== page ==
The interviews with Graham Nash, Stephen Stills, and Neil Young, were conducted several years ago. 2014 audio of Neil Young talking to Howard Stern is utilized, and very recent footage of Paul Shaffer interviewing Graham Nash for SiriusXM is included, but only Roger McGuinn does a more recent interview. While Crosby laments not being able to play with those guys, he is still quite prolific. His voice is still in top form, and his band seems to be tight.
The stints on the road are killing him, though. We see Crosby energized to go play music and be with his fans, but at the same time lament having to leave his wife and home. The toil of his past lifestyles has him needing to perform to maintain the lifestyle he has, especially without being able to go out with CSN&Y to get the bigger arenas and paydays. His wife confides to the camera that she supports him 100%, but that it is hard to say goodbye to him knowing that with his health, he may never walk back through that door.
David Crosby: Remember My Name doesn’t follow the traditional arcs of typical rock-docs. This is by Cameron Crowe’s design. Before coming on as a producer and the interviewer throughout the film, Crowe insisted on this. At one point, he pulls out a cassette from his first interview with Crosby from 1974. On it, a teenage Cameron Crowe asks the rock giant about what his measure of success will be years down the road. Crosby talks about having friendships forged in musical collaboration still existing. As the tape ends, Crowe directly asks him the tough question: if that was the measure of success, did he fail? It brings Crosby back to a crossroads where he is still waiting, wondering if he will ever have a chance of fixing what he believes he broke.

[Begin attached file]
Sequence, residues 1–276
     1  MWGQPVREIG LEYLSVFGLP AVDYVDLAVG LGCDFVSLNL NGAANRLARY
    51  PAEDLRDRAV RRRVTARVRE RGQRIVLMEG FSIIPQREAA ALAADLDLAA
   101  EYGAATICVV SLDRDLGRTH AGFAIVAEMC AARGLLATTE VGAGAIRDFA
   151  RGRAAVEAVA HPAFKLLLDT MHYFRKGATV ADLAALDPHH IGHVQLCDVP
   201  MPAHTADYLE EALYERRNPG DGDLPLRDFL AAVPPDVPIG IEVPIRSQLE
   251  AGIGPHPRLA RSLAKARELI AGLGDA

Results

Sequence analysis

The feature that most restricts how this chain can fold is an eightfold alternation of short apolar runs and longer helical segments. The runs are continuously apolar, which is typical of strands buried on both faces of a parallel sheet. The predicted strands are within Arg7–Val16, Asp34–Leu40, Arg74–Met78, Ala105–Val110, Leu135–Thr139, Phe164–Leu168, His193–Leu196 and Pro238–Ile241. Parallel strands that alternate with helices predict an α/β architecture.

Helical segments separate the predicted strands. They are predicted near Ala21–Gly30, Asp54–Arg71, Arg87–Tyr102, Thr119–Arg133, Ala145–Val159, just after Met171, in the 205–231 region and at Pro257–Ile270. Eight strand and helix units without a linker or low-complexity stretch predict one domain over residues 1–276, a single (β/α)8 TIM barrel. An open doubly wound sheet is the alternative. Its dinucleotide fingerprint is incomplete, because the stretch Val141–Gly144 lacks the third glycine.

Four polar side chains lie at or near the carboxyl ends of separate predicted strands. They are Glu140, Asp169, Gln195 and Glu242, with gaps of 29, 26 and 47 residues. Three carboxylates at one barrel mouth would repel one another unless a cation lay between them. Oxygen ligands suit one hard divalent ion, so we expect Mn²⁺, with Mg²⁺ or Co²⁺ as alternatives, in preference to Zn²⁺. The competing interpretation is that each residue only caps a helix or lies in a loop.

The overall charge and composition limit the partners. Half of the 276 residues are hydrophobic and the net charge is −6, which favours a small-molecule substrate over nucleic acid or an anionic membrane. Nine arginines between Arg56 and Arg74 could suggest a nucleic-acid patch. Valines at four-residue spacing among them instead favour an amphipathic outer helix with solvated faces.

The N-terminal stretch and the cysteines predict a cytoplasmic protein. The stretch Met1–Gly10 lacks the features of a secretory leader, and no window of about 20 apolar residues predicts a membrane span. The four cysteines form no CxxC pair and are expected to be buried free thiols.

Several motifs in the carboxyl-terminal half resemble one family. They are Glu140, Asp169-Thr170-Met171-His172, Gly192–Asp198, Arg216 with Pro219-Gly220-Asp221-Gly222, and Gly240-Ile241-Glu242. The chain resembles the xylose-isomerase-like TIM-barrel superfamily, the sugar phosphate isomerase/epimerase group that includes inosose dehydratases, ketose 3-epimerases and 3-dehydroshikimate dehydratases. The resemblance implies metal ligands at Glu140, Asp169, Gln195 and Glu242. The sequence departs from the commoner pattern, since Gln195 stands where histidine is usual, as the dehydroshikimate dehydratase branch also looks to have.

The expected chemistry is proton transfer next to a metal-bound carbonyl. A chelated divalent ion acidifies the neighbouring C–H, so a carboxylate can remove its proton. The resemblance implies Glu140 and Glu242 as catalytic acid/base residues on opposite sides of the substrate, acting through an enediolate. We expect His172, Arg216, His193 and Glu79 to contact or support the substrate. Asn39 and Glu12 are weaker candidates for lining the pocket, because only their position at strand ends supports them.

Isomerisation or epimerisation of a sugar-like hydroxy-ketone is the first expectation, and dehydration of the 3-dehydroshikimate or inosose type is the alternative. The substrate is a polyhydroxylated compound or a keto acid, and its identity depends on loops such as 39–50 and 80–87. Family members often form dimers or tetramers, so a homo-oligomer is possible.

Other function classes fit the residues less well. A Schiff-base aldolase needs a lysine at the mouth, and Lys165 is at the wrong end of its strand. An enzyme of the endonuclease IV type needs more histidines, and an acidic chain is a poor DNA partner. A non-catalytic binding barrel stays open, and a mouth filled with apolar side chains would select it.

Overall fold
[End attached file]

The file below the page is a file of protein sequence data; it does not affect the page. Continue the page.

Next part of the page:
After a somber assessment and realization that he might have failed his own standard of success, the gleam in his eye re-ignites, and the lifelong rebel stares into the camera and wonders aloud if he will have the redemption for which he longs. Or, maybe, he says, this is all a con.
And this encapsulates everything that David Crosby was, is, and will continue to be: A likable guy who longs for genuine and authentic relationships, but above all making great music, who is his own worst obstacle in achieving what he longs for. Either way, he continues to dare us to remember his name.